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Myocarditis Fibrous Symptoms And Signs

Categories: Uncategorized
Sources: Disturbances Of The Heart

The symptoms of chronic myocardial degeneration are progressive

weakness, slight at first, noticeable on exertion (and what was not

considered exertion becomes such), as evidenced by slight

palpitation, slight shortness of breath, leg weariness and mental

tire. The heart frequently becomes more rapid, not only with

exertion and change of position to the erect, but even after eating.

Slight cardiac stimulants, as coffee
affect the heart more than

previously; there is some sleeplessness, more or less troublesome,

and more or less indigestion. There may be mental irritability and

some mental deterioration, as shown in various ways. There are

likely to be slight edemas of the lower extremities toward night.

The amount of urine may diminish. A previously high blood pressure

becomes lower. The pulse may be occasionally intermittent, and later

actually irregular.

The physical signs often show an enlargement of the heart, with

increased activity at first, from irritability of the heart and a

lack of perfect coordination; later the heart may show typical signs

of weakness. Not infrequently a heart suffering from fibrosis acts

perfectly until some sudden exertion, as lifting, running or serious

illness causes it suddenly to become weak. Such a heart rarely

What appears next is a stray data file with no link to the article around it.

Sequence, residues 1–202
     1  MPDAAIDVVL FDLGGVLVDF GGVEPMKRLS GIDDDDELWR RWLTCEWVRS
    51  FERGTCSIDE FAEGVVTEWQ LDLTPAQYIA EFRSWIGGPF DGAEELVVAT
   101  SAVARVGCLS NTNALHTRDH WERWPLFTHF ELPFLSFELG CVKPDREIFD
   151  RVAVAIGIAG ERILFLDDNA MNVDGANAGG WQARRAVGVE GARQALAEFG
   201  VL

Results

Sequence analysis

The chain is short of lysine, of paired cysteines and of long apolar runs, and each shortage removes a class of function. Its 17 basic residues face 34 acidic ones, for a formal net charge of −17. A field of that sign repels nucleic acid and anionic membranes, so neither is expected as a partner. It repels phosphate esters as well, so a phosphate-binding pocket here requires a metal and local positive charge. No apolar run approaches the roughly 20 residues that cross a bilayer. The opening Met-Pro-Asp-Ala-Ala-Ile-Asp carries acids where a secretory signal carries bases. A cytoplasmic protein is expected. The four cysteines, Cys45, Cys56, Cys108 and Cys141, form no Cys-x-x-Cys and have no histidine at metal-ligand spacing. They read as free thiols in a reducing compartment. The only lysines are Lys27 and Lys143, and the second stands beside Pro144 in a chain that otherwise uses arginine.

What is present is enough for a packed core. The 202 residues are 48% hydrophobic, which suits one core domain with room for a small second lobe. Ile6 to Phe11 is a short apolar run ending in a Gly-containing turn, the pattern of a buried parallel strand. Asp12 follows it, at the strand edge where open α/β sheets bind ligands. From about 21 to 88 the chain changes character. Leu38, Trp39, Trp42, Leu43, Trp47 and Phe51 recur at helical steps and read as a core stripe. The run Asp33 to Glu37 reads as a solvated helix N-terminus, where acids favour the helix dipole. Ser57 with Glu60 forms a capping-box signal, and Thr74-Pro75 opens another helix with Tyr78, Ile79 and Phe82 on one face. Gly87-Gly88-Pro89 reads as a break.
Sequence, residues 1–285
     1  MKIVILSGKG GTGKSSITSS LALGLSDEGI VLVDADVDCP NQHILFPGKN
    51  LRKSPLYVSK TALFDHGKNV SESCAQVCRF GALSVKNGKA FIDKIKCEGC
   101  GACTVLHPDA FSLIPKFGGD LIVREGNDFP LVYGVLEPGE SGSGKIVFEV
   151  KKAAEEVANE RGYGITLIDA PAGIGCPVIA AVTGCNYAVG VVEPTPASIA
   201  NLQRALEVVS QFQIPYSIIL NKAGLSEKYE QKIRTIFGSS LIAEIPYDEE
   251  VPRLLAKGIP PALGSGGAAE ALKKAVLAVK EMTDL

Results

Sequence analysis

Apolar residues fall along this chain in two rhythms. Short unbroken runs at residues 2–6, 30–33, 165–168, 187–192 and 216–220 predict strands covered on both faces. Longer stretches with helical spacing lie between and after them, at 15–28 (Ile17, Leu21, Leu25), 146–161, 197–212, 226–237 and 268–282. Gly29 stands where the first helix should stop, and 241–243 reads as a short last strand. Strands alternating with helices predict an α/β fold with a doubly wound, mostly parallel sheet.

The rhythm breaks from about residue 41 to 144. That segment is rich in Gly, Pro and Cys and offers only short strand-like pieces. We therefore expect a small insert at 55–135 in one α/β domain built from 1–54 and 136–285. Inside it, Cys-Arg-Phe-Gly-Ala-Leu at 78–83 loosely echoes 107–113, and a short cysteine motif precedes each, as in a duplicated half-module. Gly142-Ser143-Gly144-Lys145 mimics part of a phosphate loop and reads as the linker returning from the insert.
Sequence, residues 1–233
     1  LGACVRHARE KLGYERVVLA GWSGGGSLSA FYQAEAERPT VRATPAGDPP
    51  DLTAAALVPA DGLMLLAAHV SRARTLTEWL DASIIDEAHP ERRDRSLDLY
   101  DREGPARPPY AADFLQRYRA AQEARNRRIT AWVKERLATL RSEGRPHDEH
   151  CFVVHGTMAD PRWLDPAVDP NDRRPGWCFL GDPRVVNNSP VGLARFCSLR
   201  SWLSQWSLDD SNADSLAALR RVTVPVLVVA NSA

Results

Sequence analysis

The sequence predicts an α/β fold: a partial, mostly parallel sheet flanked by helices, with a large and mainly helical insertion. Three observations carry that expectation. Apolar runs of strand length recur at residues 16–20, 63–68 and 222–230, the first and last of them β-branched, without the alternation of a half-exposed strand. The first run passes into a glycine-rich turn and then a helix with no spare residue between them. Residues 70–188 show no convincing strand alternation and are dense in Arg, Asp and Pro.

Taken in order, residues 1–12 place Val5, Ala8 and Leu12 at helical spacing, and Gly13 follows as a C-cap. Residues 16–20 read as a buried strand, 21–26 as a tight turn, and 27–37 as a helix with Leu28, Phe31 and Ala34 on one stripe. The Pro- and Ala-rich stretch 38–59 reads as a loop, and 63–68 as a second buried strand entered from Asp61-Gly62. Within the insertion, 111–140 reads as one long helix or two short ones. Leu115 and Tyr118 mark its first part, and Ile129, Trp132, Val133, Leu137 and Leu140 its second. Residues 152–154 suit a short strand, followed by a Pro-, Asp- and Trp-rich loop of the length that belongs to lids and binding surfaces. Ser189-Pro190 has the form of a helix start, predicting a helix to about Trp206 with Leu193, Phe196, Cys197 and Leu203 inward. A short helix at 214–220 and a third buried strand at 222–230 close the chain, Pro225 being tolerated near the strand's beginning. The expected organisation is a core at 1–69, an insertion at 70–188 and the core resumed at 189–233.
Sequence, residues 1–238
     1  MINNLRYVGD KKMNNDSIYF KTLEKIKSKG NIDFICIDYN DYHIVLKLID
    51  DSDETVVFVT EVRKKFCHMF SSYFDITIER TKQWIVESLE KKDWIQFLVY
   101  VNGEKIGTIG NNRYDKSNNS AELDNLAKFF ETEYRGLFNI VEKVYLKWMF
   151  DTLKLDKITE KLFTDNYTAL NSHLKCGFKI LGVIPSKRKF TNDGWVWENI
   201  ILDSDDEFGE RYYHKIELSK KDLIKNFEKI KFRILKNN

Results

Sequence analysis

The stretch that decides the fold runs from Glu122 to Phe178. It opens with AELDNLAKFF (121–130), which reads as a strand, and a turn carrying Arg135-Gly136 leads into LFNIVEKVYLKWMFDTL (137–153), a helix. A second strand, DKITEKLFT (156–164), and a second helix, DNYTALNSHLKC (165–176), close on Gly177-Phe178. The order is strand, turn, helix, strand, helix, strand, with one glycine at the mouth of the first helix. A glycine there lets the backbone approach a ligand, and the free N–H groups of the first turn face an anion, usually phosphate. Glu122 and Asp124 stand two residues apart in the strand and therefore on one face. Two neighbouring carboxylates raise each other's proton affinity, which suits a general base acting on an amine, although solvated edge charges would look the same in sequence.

regains its former strength. This occurs frequently to those who

have supposed themselves to be in perfect physical health. Some

sudden strain which they have previously been able to endure without

injury, such as carrying a weight upstairs, cranking a refractory

engine, pumping up a series of tires, or walking rapidly with a

younger or more active companion, will suddenly give cardiac

distress signals, serious exhaustion and more or less lengthy

prostration, perhaps for an hour or so, or perhaps for several days.

Permanent cardiac weakness may follow, or compensation may again

occur, to be more easily broken later. Slight cardiac pains and

sensations referred to the cardiac region become frequent. Disliking

to lie on the left side, when previously the patient has been able

to sleep on this side without discomfort, is an evidence of cardiac

disturbance. There may be no real pains, but the patient becomes

conscious of his heart, perhaps for the first time in his life. This

alone is an indication of coming trouble.

If these signs and symptoms develop late in life, or at any age with

other symptoms of sclerosis or senility, little can be done

therapeutically except to afford temporary relief and to prevent the

occurrence of acute attacks of cardiac distress or dyspnea. If the

disturbance is really due to chronic cardiac degeneration, the

sooner the patient learns that his ability is restricted, that his

life is narrowed, the better for his future.